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Person using laser pointer causes Med Flight pilot eye injury, forces cancellation of flight

December 28, 2018
A Med Flight helicopter ambulance was forced to abandon a mission to pick up a crash victim in Columbia County on Tuesday evening after someone shined a laser at the helicopter, injuring its pilot and forcing it to abandon its flight.

For the first time in its history, a UW Health helicopter ambulance was forced to cancel a flight Tuesday due to someone shining a laser pointer at its pilot.

The UW Health Med Flight helicopter was on its way to assist a crash victim in Columbia County on Tuesday evening when someone shined the laser at it, injuring the pilot and forcing its crew to abort the mission.

The helicopter tried to land in Pardeeville to pick up a 17-year-old side-by-side utility vehicle crash victim with head injuries when someone on the ground used “a strong laser pointer and shined it towards the helicopter,” said Columbia County Sheriff Dennis Richards.

He said the laser pointer made operating the helicopter unsafe for its crew and others on the ground.

The laser pointer injured the Med Flight pilot’s eyes, forcing the helicopter to return to its base in Madison without the crash victim.

A Columbia County deputy also suffered a leg injury while searching for the laser pointer suspect, Richards said.

Dr. Ryan Wubben, Med Flight’s medical director, said the pilot was examined at UW Hospital’s emergency room, where he was told he didn’t suffer serious or permanent injuries.

“Fortunately, he’s OK,” he said.

While it was the first time a laser pointer has affected a UW Health Med Flight helicopter, Wubben said it’s not an uncommon problem for aircraft pilots nationwide.

“This is something that has been occurring,” he said. “It’s happened with enough frequency out there that it’s recognized as a problem.”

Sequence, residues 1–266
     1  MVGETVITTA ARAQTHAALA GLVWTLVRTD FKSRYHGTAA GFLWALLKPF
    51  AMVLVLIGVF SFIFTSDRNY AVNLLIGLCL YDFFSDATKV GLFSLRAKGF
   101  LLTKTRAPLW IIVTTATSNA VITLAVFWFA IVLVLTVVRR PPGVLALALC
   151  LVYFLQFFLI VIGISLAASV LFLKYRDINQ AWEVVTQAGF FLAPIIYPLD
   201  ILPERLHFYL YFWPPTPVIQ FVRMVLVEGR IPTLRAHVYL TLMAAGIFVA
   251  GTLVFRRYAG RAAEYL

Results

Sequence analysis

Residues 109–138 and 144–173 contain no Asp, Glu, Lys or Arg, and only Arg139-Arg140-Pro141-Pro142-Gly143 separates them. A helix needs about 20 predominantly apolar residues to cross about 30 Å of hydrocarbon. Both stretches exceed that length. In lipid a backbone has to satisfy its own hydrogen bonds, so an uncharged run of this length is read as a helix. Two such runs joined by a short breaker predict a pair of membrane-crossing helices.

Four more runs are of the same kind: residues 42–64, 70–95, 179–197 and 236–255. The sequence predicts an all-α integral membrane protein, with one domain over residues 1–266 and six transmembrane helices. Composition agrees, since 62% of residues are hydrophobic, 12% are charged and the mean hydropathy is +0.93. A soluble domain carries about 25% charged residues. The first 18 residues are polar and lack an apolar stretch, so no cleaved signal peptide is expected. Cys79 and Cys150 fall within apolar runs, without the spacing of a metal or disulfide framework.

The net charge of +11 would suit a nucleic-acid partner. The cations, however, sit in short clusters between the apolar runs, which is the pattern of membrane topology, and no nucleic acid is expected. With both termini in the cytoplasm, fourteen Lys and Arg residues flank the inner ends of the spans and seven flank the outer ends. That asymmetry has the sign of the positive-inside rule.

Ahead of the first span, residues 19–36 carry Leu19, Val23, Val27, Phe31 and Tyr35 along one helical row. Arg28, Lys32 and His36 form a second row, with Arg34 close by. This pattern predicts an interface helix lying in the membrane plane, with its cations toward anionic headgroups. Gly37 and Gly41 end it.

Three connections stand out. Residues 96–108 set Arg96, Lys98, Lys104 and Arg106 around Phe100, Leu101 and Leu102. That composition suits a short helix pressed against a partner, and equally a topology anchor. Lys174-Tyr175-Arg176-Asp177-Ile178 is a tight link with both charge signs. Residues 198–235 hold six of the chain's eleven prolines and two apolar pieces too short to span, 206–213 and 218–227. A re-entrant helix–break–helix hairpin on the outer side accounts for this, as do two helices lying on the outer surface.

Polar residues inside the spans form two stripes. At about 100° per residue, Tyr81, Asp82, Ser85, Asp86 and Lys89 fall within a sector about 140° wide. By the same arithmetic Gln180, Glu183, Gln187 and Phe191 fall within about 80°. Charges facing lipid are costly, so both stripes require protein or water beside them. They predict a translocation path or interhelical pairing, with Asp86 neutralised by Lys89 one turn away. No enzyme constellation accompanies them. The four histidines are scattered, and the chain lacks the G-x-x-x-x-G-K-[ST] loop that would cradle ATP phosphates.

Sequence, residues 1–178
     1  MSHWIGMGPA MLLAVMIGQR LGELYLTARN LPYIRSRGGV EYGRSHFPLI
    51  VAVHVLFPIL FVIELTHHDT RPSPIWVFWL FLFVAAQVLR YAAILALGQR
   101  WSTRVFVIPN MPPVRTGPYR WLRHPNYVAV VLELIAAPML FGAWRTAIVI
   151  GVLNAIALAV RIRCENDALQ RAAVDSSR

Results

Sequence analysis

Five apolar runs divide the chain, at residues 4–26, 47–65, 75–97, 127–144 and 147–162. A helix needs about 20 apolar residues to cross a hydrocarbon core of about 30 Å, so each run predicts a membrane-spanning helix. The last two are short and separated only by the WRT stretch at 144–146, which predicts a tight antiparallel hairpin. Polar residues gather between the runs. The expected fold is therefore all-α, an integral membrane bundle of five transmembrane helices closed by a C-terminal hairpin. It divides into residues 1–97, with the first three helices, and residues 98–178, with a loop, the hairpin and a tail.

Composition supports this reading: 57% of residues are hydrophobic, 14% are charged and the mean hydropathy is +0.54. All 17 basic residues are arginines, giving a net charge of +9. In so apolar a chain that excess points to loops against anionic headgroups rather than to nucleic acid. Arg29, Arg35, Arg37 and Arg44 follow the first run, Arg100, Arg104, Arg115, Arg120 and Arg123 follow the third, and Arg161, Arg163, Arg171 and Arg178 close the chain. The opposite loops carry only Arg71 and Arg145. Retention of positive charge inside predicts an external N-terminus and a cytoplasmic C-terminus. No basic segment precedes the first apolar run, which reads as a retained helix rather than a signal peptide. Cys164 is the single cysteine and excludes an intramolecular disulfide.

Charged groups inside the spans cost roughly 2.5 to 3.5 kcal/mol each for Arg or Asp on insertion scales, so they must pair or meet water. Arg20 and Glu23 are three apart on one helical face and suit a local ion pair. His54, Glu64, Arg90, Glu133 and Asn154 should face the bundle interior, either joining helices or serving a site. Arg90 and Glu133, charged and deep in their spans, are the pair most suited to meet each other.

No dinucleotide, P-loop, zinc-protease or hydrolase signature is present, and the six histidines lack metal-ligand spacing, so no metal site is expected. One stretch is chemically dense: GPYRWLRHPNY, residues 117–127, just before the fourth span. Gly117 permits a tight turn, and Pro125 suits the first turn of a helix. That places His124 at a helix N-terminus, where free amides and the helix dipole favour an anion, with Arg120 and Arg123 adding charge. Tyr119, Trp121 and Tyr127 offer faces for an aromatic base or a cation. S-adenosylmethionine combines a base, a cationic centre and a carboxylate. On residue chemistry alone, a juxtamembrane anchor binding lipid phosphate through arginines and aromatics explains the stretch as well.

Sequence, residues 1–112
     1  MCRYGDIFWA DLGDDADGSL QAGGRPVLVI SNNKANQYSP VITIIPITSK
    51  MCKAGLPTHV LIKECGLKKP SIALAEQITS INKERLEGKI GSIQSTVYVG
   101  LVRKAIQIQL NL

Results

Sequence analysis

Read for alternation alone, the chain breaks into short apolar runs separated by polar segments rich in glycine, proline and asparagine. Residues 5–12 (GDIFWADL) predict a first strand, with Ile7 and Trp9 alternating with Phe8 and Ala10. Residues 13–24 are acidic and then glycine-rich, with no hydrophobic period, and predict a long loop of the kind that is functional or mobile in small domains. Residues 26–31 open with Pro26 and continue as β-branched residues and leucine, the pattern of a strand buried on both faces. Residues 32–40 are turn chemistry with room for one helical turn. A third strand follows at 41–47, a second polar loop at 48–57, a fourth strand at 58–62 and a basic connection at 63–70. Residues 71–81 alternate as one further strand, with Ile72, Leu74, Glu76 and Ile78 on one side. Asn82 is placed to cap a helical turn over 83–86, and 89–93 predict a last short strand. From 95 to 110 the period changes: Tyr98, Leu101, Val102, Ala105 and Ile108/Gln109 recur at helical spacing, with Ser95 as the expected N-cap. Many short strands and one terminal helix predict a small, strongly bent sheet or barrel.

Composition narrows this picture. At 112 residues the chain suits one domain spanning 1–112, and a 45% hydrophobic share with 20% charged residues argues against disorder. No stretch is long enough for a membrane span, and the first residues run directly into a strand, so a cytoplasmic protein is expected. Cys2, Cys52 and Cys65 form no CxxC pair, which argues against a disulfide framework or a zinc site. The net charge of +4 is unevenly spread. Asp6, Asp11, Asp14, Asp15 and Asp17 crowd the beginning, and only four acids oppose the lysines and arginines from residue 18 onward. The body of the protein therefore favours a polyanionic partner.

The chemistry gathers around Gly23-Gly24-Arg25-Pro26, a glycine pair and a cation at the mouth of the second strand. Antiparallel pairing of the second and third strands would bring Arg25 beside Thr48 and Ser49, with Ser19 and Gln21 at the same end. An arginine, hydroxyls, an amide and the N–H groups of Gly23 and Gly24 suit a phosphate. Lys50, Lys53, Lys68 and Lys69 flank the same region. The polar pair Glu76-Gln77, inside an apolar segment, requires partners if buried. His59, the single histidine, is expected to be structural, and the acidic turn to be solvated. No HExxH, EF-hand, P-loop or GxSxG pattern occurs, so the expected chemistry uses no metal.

It’s such a concern that aiming a laser pointer at an aircraft is a federal offense that carries a potential five-year prison sentence. In Wisconsin, it’s also a class I felony to obstruct emergency or rescue personnel and class F felony for reckless endangerment, Richards said.

The light in laser pointers, which can be found on Amazon for less than $10 or at many other retailers, can affect the retina and cause permanent eye damage when shined directly at the eye, Wubben said.

“These are nothing special,” he said, adding that the laser pointers are “ubiquitous” now.

The night vision goggles the helicopter’s crew used during the flight were also temporarily deactivated when the light from the laser’s light hit their goggles, Wubben said. He said the crew’s goggles have an automatic temporary deactivation feature when bright light hits the goggles.

The original crash victim had to be transported by a ground ambulance to be treated, Richards said.

Deputies responded to the crash, which occurred on Crown Road in the town of Scott, at about 5 p.m., he said.

The helicopter originally was supposed to land next to the crash site on Crown Road but fog at the site forced the crew to reroute to a designated landing zone in Pardeeville, Wubben said.

It’s unclear where the laser pointer was being aimed from, but it was likely somewhere in Pardeeville, said Columbia County Detective Sgt. Jason Kocovsky.

He said authorities don’t have a suspect description, but are investigating the incident and canvassing Pardeeville.

Wubben said crew members said they noticed the laser pointer when circling over Pardeeville.

“This was clearly a laser that appeared to be tracking (the helicopter),” he said.

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